Sage can be used as a tool to investigate mathematical models at many levels. There are pros and cons to this:
The key is to decide first what your educational goals are. In the worksheets available for you to try in this session, I have three approaches that were decided upon based upon the "learning outcomes" -- accreditation buzzword! -- for the class.
Links to the PDFs: http://mathsci2.appstate.edu/~hph/SageMath/
This worksheet is designed for a class with middle grades math teachers, and the goal is to have them become familiar with applications of algebra. The specific goal of this worksheet:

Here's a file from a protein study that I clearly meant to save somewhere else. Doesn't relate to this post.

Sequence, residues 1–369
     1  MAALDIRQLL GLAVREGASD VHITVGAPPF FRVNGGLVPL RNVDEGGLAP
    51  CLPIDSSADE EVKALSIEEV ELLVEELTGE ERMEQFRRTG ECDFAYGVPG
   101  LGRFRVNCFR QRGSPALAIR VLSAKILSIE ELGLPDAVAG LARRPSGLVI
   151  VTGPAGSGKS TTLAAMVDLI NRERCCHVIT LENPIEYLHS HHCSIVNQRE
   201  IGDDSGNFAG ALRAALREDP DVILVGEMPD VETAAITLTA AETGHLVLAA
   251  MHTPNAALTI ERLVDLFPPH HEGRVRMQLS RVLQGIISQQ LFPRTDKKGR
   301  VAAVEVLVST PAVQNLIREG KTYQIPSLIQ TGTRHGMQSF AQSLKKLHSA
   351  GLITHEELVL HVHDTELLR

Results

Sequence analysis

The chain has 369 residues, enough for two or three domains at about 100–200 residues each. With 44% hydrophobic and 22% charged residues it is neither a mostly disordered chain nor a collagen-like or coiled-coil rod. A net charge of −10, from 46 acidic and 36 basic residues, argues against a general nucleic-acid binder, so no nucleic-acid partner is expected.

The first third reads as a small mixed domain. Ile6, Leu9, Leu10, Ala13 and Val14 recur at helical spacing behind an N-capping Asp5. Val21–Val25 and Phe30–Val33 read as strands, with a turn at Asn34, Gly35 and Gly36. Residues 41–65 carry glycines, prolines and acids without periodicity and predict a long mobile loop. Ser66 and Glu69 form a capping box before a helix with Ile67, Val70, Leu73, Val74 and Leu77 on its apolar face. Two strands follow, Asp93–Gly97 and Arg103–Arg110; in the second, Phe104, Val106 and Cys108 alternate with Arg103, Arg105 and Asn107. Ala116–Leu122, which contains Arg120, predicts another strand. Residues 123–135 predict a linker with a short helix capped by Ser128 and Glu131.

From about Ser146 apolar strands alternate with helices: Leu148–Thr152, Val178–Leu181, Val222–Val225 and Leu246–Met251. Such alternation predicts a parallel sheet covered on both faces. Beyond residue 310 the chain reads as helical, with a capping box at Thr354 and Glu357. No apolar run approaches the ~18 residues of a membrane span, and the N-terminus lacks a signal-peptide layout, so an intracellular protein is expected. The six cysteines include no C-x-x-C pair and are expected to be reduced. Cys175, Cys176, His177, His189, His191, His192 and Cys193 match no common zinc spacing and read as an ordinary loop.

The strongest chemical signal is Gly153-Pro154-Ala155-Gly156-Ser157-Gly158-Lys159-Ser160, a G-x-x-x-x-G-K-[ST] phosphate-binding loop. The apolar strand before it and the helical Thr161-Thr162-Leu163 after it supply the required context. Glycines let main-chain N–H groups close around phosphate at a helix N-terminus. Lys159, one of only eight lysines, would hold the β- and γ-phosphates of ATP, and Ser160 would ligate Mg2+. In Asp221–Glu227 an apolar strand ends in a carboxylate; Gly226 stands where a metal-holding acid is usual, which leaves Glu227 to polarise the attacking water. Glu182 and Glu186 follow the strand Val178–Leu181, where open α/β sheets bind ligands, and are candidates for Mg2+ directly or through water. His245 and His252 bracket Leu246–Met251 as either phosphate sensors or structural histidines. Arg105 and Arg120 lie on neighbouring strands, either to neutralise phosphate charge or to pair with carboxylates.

I don't want Sage to be the focus of the discussion.
The goal with this worksheet is to provide a template that the teachers can use to solve other linear programming problems through editing the existing worksheet. I have kept the use of Sage to a minimum.
This worksheet is designed for a class with in-service secondary teachers who have a background in linear algebra and probability, and the goal is two-fold:
Once again, becoming highly proficient in Sage is not the point.
This worksheet is designed for sophomore/junior level modeling, and as a "cheat sheet" for a few simple solution procedures. The main text is in the pdf handout, along with the commands. I would normally NOT provide the worksheet, but would have them copy and paste the sage commands into the worksheet from the PDF.
The goal here is to have students learn to set up ODEs, and interpret output. We do not emphasize solution techniques in this course.